Take the example of the Himmat App developed by the Delhi Police. It is “an emergency service, comprising an android emergency application, which can send a distress call or emergency message to Delhi Police officials and specified contact or group in an emergency faced by a woman.”
The rationale is the same. The Phree App seeks to ensure that women can preempt an unpleasant experience by avoiding spaces rated as unsafe.
Matters finally began to take off in the summer of 2019, when she was on a visit to Palo Alto, California. During a luncheon there with her friends from school, she met Pradeep Bakshi, Managing Partner of Trantor Inc, which ranks among the largest fintech companies in the world. Pradeep was the husband of one of her school friends attending the luncheon. When Madhureeta found out what he did for a living, she decided to discuss her idea with him.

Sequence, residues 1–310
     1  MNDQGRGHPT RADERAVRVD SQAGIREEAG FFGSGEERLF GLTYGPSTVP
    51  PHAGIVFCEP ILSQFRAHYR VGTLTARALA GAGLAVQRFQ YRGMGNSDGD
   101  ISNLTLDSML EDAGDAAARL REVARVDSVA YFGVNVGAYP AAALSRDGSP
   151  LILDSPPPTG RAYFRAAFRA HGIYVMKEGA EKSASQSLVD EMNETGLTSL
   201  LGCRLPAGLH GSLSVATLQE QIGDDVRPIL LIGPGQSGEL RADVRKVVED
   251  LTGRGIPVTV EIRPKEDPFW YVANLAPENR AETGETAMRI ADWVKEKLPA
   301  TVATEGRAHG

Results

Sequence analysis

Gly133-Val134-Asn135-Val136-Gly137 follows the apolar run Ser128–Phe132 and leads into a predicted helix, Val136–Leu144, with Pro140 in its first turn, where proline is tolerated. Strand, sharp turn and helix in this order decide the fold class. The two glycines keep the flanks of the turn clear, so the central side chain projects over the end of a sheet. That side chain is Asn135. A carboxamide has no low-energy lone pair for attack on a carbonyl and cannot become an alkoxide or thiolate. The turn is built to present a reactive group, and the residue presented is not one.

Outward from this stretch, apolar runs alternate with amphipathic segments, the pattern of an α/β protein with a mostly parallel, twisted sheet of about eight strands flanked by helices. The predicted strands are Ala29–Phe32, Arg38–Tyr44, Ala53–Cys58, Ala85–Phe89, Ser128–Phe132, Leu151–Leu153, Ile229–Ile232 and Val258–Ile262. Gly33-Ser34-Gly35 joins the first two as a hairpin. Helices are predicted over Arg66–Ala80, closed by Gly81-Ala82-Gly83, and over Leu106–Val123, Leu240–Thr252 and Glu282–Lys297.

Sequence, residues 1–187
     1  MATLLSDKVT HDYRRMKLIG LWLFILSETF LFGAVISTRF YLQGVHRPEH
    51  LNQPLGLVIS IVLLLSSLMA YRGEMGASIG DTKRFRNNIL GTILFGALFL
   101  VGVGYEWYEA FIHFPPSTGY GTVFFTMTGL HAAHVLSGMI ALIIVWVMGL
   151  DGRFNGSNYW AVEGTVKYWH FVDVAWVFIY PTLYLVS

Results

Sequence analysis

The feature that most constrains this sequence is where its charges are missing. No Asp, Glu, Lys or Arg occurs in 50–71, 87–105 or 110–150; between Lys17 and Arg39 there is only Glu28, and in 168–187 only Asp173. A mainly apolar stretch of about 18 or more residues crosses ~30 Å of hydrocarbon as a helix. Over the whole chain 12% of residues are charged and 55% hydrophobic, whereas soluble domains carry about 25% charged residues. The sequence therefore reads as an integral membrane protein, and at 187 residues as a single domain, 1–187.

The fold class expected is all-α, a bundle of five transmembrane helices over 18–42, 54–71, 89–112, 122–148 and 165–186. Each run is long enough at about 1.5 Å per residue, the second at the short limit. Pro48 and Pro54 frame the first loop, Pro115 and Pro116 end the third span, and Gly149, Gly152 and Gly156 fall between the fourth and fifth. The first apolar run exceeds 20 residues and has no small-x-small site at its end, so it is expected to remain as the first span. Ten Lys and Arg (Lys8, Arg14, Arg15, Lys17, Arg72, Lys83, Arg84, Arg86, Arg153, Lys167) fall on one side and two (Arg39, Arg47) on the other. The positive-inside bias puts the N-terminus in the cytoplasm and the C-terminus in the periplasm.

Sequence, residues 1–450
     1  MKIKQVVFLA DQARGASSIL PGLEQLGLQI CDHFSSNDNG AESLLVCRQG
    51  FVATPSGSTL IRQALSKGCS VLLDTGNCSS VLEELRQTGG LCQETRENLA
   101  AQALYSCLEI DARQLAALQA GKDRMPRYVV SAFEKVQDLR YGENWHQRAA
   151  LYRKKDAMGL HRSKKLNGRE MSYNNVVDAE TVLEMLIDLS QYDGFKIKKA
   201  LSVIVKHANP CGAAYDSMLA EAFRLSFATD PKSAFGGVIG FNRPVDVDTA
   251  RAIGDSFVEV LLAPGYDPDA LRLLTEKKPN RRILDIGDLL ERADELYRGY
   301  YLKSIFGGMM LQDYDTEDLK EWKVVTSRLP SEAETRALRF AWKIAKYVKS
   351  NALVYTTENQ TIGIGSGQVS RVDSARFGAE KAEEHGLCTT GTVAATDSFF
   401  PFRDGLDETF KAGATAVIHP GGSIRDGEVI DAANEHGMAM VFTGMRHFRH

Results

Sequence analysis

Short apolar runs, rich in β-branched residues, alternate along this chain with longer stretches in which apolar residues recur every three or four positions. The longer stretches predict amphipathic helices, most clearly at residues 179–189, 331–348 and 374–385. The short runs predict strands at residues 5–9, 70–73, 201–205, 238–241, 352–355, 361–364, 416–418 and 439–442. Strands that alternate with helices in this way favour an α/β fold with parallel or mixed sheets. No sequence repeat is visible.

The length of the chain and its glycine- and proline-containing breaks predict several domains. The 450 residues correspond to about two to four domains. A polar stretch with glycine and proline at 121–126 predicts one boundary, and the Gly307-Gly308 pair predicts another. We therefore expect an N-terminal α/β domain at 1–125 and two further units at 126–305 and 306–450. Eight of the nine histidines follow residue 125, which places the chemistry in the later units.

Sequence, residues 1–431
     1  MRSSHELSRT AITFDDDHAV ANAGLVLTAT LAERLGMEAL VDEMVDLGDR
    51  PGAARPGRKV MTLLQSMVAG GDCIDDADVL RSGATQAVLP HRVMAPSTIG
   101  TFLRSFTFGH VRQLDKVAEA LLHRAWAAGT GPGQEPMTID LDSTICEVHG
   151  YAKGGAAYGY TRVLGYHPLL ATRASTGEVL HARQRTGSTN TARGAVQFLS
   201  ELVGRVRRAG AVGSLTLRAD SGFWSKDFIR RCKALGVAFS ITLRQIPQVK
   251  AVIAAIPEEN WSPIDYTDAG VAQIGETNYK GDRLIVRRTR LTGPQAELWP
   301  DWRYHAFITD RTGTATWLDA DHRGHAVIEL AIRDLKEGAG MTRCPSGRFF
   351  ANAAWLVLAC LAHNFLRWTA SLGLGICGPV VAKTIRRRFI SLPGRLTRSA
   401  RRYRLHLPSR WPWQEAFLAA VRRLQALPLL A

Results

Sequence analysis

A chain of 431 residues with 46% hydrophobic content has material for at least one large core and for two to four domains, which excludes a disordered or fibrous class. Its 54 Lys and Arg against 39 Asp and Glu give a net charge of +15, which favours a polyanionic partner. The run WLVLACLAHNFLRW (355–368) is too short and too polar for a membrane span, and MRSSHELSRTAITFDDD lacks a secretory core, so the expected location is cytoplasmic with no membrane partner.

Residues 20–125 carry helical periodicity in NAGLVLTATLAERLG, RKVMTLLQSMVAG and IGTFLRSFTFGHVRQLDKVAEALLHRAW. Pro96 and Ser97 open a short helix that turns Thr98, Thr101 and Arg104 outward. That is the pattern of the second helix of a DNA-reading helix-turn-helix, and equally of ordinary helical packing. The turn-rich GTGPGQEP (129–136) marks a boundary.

After a brief 10-minute discussion, he expressed his desire to assist her in developing this app. As a father of two daughters, he understood why this app was necessary. For the next year, he worked closely with Madhureeta until the app was finally launched in August.
“Throughout the process of developing this app, he has been tremendous for us. Designing an app is an art because there are so many aspects of it. He spent a year designing multiple beta versions of the app, and we finally launched it in August this year,” she says.
How Does It Work?
They’ve used the Google Maps API, and the app has got three sections where users can mark establishments, streets and areas for safety. For example, if there is a part of Hauz Khas in New Delhi, which a user thinks is unsafe, she just has to pinpoint that specific area on the map with a review saying why it’s so. In terms of streets, the app allows users to mark upto 10 km, but not more.